In the new season of The Closer, the squad's new building -- all long hallways and shiny interview rooms -- brings out still more of Brenda Johnson's behavioral tics.
The Season Six premiere of The Closer throws Deputy Police Chief Brenda Leigh Johnson (Kyra Sedgwick) and her Major Crimes Division squad into disarray. Reluctantly moving into new $10 million headquarters, they also confront a new power structure.
The new space proves surprisingly disconcerting. For one thing, the team can't make their new high-tech rooms work right. An irritating mechanized "murder board" keeps freezing up, so Johnson sends someone to retrieve the old white board, preferring the tactile to the digital. Like students in a new school, they hate their new seating assignments, finding it necessary to shout to communicate, as well as the endless hallways and maze of conference, interview, and break rooms. Lieutenant Provenza (G.W. Bailey) fights back: he buys his old desk from surplus and brings it with him, because, he says, "It's the longest relationship I've had in my adult life."
Though the series isn't generally known for its comedy, this episode, airing 12 July, offers lots of it. The team entertains itself by letting office-less Robbery-Homicide Commander Taylor (Robert Gossett) beg Johnson to let him use a conference room. Like a man without a country, Taylor seems a little too relieved that Johnson and her tight-knit squad will let him stick with them. The change of location doesn't change the familial dynamic that characterizes The Closer.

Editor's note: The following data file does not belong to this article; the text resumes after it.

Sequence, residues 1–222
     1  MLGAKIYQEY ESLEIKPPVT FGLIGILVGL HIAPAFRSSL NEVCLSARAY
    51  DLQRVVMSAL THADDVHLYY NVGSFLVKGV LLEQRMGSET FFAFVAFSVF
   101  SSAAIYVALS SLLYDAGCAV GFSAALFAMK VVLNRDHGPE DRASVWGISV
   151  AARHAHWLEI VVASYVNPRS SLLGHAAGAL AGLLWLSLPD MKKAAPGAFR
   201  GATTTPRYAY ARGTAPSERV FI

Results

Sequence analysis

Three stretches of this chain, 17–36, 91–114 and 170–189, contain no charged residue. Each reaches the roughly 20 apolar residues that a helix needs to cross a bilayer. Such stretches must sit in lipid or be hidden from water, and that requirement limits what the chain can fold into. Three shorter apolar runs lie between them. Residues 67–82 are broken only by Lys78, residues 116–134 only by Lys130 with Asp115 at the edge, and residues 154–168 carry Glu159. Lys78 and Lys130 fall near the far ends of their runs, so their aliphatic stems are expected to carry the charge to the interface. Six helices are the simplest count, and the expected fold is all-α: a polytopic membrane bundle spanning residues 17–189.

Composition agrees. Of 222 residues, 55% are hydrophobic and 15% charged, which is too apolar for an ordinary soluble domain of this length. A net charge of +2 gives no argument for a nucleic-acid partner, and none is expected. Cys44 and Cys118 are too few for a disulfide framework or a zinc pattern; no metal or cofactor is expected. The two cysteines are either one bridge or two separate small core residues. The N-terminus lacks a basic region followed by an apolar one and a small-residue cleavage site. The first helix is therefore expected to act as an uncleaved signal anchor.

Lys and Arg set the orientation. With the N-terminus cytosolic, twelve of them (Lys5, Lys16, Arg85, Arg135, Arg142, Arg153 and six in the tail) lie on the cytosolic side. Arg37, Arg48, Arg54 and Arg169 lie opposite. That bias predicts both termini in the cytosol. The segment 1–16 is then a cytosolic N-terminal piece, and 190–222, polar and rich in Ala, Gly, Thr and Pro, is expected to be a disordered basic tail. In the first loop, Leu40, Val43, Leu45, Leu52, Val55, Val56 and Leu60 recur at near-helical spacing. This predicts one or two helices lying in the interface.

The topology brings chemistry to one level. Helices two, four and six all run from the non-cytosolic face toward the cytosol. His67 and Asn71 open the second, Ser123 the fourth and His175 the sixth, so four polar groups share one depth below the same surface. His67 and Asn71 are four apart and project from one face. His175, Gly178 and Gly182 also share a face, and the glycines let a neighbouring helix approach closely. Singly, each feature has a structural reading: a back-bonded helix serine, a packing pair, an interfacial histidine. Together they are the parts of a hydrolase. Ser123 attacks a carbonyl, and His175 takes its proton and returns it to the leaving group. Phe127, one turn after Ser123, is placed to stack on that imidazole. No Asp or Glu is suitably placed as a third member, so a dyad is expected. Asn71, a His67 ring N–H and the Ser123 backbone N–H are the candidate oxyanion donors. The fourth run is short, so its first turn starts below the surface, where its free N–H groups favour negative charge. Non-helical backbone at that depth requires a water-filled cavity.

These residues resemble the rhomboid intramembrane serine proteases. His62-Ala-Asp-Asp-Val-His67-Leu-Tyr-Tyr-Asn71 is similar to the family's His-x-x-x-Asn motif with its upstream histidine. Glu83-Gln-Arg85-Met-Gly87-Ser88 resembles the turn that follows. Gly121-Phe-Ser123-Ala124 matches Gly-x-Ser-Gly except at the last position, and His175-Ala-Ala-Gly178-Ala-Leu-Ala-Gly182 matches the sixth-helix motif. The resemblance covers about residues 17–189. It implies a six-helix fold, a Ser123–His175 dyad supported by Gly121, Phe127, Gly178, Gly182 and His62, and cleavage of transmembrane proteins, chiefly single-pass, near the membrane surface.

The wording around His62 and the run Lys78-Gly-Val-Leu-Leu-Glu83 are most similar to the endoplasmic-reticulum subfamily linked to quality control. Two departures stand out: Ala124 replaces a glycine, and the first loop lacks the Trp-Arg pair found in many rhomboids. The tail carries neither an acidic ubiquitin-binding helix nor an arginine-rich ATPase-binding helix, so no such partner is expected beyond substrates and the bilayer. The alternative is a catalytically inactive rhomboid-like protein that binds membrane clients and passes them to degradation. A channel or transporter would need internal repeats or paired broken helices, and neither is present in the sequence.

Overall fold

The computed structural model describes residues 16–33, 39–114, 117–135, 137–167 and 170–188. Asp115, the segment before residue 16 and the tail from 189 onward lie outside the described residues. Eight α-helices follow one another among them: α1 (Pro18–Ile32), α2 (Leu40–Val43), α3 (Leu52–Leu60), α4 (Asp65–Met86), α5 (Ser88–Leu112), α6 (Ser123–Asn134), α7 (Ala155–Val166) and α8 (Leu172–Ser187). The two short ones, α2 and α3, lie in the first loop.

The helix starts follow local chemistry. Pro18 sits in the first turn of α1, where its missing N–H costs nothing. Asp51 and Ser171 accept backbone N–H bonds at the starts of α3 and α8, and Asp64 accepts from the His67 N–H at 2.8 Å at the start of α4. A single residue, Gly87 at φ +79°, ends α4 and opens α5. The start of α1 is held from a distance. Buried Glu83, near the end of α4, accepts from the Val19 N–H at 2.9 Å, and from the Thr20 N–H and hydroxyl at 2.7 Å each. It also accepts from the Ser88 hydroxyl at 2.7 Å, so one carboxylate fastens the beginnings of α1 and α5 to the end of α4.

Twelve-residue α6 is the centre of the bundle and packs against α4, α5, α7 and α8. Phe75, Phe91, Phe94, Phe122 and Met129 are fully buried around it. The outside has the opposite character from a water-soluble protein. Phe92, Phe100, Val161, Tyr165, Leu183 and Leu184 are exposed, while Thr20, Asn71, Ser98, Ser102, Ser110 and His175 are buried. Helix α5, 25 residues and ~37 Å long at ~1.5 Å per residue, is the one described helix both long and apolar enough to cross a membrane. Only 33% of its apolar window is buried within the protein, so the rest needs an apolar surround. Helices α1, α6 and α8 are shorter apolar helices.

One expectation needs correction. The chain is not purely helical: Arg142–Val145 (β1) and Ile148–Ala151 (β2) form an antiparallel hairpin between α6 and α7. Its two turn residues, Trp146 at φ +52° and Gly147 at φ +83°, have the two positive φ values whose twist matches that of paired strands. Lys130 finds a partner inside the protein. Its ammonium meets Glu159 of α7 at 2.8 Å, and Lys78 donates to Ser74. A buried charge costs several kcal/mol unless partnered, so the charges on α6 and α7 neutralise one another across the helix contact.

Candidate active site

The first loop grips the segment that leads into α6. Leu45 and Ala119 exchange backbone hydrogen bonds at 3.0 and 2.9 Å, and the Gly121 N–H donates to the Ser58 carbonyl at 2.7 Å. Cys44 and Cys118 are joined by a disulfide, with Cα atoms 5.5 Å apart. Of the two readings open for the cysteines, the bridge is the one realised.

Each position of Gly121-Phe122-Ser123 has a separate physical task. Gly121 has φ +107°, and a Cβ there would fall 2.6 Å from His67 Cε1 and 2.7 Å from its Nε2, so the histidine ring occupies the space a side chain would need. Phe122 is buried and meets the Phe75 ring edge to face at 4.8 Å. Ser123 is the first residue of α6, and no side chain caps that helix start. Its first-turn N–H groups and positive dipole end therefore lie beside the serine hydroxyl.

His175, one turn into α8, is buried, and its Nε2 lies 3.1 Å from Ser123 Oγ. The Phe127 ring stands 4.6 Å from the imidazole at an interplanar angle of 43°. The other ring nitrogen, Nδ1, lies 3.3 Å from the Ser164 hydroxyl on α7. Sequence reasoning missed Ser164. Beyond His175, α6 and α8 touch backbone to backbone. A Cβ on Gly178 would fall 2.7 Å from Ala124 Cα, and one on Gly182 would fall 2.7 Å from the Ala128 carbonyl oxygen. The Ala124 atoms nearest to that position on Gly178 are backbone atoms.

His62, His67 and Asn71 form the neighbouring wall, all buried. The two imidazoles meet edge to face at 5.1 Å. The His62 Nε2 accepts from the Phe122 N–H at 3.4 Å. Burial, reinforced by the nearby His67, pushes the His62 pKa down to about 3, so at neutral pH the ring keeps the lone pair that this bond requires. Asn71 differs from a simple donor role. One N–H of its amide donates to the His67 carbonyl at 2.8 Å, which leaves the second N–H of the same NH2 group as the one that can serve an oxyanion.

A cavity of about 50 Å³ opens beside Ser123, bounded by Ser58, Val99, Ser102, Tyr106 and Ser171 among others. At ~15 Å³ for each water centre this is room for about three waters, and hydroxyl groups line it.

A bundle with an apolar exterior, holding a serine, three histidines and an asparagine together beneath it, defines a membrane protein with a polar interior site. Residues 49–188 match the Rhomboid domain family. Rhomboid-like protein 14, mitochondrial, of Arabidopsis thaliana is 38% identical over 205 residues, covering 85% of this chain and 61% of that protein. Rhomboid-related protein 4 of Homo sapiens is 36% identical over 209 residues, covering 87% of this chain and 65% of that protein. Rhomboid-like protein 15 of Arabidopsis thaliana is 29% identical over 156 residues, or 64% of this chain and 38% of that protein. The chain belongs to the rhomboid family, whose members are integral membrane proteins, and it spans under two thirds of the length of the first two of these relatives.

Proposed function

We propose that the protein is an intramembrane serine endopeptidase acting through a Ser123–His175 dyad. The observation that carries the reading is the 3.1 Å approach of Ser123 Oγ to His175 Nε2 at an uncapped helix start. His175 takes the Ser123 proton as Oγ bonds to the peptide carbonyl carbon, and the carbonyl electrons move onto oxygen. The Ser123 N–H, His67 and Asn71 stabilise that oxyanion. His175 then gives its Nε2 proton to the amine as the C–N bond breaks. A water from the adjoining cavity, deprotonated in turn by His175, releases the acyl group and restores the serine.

It does, however, provide for some slapstick humor, mostly because the new building brings out still more of Johnson's behavioral tics. She bangs into everything from furniture to boxes, and gets lost every time she tries to go somewhere in the building. That problem occasions a funny bit where the squad must repeatedly point her to the interview rooms, the rooms where she's going to be working her closing magic. Witnesses keep walking in on her freak-outs, making her desperate to regain her professionalism.
She's hardly helped by the basic architecture, apparently designed by someone without a clue as to how she does her job. When she sees one room labeled "Hard Interview Room," bedecked with an obvious two-way mirror, she rages that she can't get someone to confess when her tricks are revealed. Comically, she argues that she has to be the one to "decide when to intimidate people around here." Pope (J.K. Simmons) tries to calm her by insisting, "All the really important stuff hasn't changed at all." But she knows better, arguing, "Not all remodels go as planned."
She refers here both to the new digs and this week's murder case, which involves a dead contractor. When a suspect observes that some people don't like contractors, because a remodel involves "changing the center of their lives," we see how the episode's thematic pieces are coming together, a design that's also typical of the series.
As Johnson and her squad try to cut through the moving dust to focus on their work, the new power structure also emerges. She questions her own abilities to get suspects to confess (Pope tells her she can't blame the new building if she loses her mojo). As she watches Pope pursuing his own ambitions (to move up in the police hierarchy, to chief), she realizes he loves the new building because, she says, "He thinks it's his." Since he's sending her to do his bidding, that begs the question of how much she is like a contractor, charged with organizing the pieces to his specs. Forced to work on his monument, her efforts to exert her own agency drive the episode's less comic moments.